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Average Salary Range: $80,000 or more
Average Hourly: $ 39.58
Education Minimum: Associate's degree
Number of Jobs: 18600
Jobs Added to 2028: 1600
Growth: Faster than average
What Radiation Therapists Do
Radiation therapists treat cancer and other diseases in patients by administering radiation treatments.
Radiation therapists typically do the following:
- Explain treatment plans to the patient and answer questions about treatment
- Protect the patients and themselves from improper exposure to radiation
- Determine the exact location of the area requiring treatment
- Calibrate and operate the machine to treat the patient with radiation
- Monitor the patient to check for unusual reactions to the treatment
- Keep detailed records of treatment
Radiation therapists operate machines, such as linear accelerators, to deliver concentrated radiation therapy to the region of a patient’s tumor. Radiation treatment can shrink or remove cancers and tumors.
Radiation therapists are part of the oncology teams that treat patients with cancer. They often work with the following specialists:
- Radiation oncologists are physicists help in planning of radiation treatments, develop better and safer radiation therapies, and check that radiation output is accurate
Radiation therapists work in hospitals, offices of physicians, and outpatient centers. Most radiation therapists work full time.
Work Environment Details
Radiation therapists held about 18,600 jobs in 2018. The largest employers of radiation therapists were as follows:
|Hospitals; state, local, and private||66%|
|Offices of physicians||24|
|Outpatient care centers||5|
Radiation therapists are on their feet for long periods and may need to lift or turn disabled patients. Because they work with radiation and radioactive material, radiation therapists must follow safety procedures to make sure that they are not exposed to a potentially harmful amount of radiation. These procedures usually require therapists to stand in a different room while the patient undergoes radiation procedures.
Injuries and illnesses
Since radiation therapists administer radiation treatments over many years they should take precautions to limit exposure and be aware of the risks involved.
Most radiation therapists work full time. Radiation therapists keep a regular work schedule because radiation therapy procedures are usually planned in advance.
Employment of radiation therapists is projected to grow 9 percent from 2018 to 2028, faster than the average for all occupations. Demand for radiation therapists may stem from the aging population and advances in radiation therapies.
How to Become a Radiation Therapist
Most radiation therapists complete programs that lead to an associate’s degree or bachelor’s degree in radiation therapy. Radiation therapists must be licensed or certified in most states. Requirements vary by state, but often include passing a national certification exam.
Employers usually prefer to hire applicants who have an associate’s degree or a bachelor’s degree in radiation therapy. However, candidates may qualify for some positions by completing a certificate program.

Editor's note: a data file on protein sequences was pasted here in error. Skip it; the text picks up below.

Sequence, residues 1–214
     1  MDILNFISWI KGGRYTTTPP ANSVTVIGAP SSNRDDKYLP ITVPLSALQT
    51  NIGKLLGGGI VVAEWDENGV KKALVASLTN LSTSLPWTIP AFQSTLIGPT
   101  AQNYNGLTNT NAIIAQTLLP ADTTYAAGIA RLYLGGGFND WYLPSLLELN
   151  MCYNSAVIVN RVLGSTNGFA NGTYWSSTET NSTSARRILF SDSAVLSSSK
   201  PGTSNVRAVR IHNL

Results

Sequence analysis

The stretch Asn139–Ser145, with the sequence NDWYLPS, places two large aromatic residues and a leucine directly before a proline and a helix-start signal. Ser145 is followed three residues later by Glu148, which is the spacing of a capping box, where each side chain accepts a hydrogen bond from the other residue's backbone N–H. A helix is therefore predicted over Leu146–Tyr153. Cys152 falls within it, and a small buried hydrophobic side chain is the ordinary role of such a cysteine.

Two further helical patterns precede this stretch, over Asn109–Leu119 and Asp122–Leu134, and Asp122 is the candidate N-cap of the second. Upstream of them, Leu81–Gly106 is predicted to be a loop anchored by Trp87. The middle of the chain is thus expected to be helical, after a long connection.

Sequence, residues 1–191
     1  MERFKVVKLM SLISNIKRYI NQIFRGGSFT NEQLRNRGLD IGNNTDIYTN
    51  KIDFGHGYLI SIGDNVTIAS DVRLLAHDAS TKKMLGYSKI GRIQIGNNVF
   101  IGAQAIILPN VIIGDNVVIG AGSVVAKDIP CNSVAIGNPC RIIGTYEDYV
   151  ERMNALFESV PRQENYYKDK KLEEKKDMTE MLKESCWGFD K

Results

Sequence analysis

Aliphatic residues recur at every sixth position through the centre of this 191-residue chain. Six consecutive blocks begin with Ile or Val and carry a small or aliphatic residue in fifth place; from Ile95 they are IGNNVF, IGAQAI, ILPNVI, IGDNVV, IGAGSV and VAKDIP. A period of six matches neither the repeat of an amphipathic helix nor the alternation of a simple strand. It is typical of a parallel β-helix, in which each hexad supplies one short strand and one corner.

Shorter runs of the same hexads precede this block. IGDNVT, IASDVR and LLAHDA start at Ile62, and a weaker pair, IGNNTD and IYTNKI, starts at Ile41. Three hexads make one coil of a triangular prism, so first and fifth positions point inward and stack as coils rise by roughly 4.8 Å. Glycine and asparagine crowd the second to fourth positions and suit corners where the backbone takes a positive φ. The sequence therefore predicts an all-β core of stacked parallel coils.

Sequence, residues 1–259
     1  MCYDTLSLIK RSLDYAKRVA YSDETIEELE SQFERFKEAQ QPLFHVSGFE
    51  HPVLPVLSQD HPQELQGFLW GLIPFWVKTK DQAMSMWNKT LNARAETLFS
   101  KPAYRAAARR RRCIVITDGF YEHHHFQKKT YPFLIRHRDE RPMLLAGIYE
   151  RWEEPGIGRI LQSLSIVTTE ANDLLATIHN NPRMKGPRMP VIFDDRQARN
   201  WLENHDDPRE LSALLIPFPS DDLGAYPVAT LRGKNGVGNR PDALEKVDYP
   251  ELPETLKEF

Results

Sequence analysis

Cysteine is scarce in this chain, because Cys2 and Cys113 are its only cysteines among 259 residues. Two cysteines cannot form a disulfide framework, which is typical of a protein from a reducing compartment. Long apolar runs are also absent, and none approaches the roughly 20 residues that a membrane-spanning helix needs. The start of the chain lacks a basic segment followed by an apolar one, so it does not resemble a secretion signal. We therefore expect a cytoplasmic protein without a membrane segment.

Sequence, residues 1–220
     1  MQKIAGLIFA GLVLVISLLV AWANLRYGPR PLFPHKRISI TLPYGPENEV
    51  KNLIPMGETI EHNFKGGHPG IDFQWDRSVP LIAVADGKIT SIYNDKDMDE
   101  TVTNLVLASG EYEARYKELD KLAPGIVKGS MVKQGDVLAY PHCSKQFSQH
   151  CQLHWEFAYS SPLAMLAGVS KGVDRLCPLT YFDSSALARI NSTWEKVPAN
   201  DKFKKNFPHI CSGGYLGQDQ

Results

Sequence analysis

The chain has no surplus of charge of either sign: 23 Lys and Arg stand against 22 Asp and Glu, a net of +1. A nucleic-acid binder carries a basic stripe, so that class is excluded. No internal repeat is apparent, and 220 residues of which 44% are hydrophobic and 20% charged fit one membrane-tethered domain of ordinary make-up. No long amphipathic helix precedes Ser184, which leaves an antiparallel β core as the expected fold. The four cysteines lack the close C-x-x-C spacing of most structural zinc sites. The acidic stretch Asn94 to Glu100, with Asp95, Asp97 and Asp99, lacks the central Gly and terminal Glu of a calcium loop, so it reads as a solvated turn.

Radiation therapy programs include courses in radiation therapy procedures and the scientific theories behind them. These programs often include experience in a clinical setting and courses in human anatomy and physiology, physics, algebra, computer science, and research methodology. In 2016, there were about 110 accredited educational programs recognized by the American Registry of Radiologic Technologists (ARRT).
Detail oriented. Radiation therapists must follow exact instructions and input exact measurements to make sure the patient is exposed to the correct amount of radiation.
Interpersonal skills. Radiation therapists work closely with patients. It is important that therapists be comfortable interacting with people who may be going through physical and emotional stress.
Physical stamina. Radiation therapists must be able to be on their feet for long periods and be able to lift and move patients who need assistance.
Technical skills. Radiation therapists work with computers and large pieces of technological equipment, so they must be comfortable operating those devices.
Licenses, Certifications, and Registrations
In most states, radiation therapists must be licensed or certified. Requirements vary by state, but typically include graduation from an accredited radiation therapy program and ARRT certification.
To become ARRT certified, an applicant must complete an accredited radiation therapy program, adhere to ARRT ethical standards, and pass the certification exam. The exam covers radiation protection and quality assurance, clinical concepts in radiation oncology, treatment planning, treatment delivery, and patient care and education. A list of accredited programs is available from ARRT.
Many jobs also require cardiopulmonary resuscitation (CPR) or basic life support (BLS) certification.
With additional education and certification, therapists can become medical dosimetrists. Dosimetrists are responsible for calculating the correct dose of radiation that is used in the treatment of cancer patients.
Bureau of Labor Statistics, U.S. Department of Labor, Occupational Outlook Handbook, Radiation Therapists,
on the Internet at https://www.bls.gov/ooh/healthcare/radiation-therapists.htm (visited ).